For the first time in generations, voters — especially parents — have a real choice for school board. They can choose to continue decades of opaque, backroom bureaucracy by the same politically-connected operatives directly responsible for the sinking ship that is SMMUSD — or they can elect a new majority of district parents focused squarely on transparency, fiscal accountability, quality classroom instruction and responding to the needs of families rather than monied special interests.
Incumbents Laurie Lieberman and Richard Tahvildaran-Jesswein are already frontrunners in fundraising — but not because of parents. Lieberman has served since 2010 and Tahvildaran-Jesswein since 2014, yet their support is conspicuously comprised of donations from fellow politicians who, like Lieberman and Tahvildaran-Jesswein, have no children in the district. They are further dogged by questions over whether they assisted fellow incumbent Keith Coleman — who has now dropped out of the race — in a cover-up of the apparent fact, now documented on video, that he does not live in the district.
Though current Board President Maria Leon-Vazquez is not up for re-election for another two years, she remains part of the same do-nothing, ethically compromised, politically-connected majority — elected in 2012 and then automatically re-seated in 2016 for lack of opposition. Like her compatriots and partners in incompetence, Leon-Vazquez has no children in the district.
Why are people with no skin in the game so intent on winning the game? Tahvildaran-Jesswein and Leon-Vazquez are both connected to SMC, which stands to reap a small fortune from its present arrangements with SMMUSD. Leon-Vazquez is also married to former SM Councilman and current Chair of the State Board of Equalization, Tony Vazquez. Lieberman, meanwhile, is married to powerful local land use attorney Chris Harding whose hands are so deeply embedded in so much of the city’s and district’s lucrative construction efforts that Lieberman is forced to regularly recuse herself on votes where the conflict of interest is too great to ignore.
What is the legacy of this politically-connected cabal? Deep learning loss (especially for special education students), a widening learning gap for disadvantaged students, widespread mental health problems, crisis-level disenrollment and a refusal to collect, much less disseminate, any data that might reveal meaningful disparities between communities, grades or schools. Construction projects are conceived without community input and executed in defiance of community concerns. Major expenditures end up buried in the district’s consent calendar, denying the public any opportunity to scrutinize or debate spending priorities. Efforts to seek greater transparency on these matters invariably end up quashed as the district ignores virtually all Public Records Act requests, violating statutory deadlines with impunity. Since 2015, district enrollment has dropped 20%, many SAMOHI juniors and seniors have class sizes exceeding 35 students, district debt has swollen, and the overall number of teachers has plummeted while district bureaucracy has exploded.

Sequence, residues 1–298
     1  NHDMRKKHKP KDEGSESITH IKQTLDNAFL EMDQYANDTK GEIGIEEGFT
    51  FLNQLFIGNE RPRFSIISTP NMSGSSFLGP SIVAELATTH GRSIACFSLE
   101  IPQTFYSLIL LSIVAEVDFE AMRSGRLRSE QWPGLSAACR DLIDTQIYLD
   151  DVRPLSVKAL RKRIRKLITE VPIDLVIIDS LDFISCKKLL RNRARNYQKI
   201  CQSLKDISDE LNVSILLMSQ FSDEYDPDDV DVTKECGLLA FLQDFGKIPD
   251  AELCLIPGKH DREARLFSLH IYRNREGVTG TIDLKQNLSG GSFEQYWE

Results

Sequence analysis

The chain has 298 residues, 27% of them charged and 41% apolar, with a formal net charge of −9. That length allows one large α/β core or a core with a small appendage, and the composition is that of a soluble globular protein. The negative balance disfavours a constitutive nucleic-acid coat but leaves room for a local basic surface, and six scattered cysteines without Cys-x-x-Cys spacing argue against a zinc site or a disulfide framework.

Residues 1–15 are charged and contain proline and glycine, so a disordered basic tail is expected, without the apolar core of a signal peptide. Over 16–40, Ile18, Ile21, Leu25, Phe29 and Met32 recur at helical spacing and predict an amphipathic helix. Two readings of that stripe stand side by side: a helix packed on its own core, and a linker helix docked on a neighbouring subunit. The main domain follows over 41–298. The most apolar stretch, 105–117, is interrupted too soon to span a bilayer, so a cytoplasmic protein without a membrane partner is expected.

More of all that is what special interest and political donations are intent on buying.
Fortunately, families have a choice this year. Angela DiGaetano, Esther Hickman, Miles Warner and Stacy Rouse are district parents who represent the change and accountability this district has never had — and desperately needs. And what we need are more teachers, smaller class sizes, fiscal accountability that insures money makes its way first and foremost to the classroom, administration that hears and responds to the concerns of parents, and special attention where needed for athletics, GATE and Honors programs, IEP and all of our infinitely unique and beautiful students who simply need to know that they and their families are loved and appreciated — and not just a number on some careerist bureaucrat’s dataset. It’s time to elect actual district parents — not politicians — and turn the ship around. It’s time for new blood. The incumbents have already had enough of ours.
Wade Major, Malibu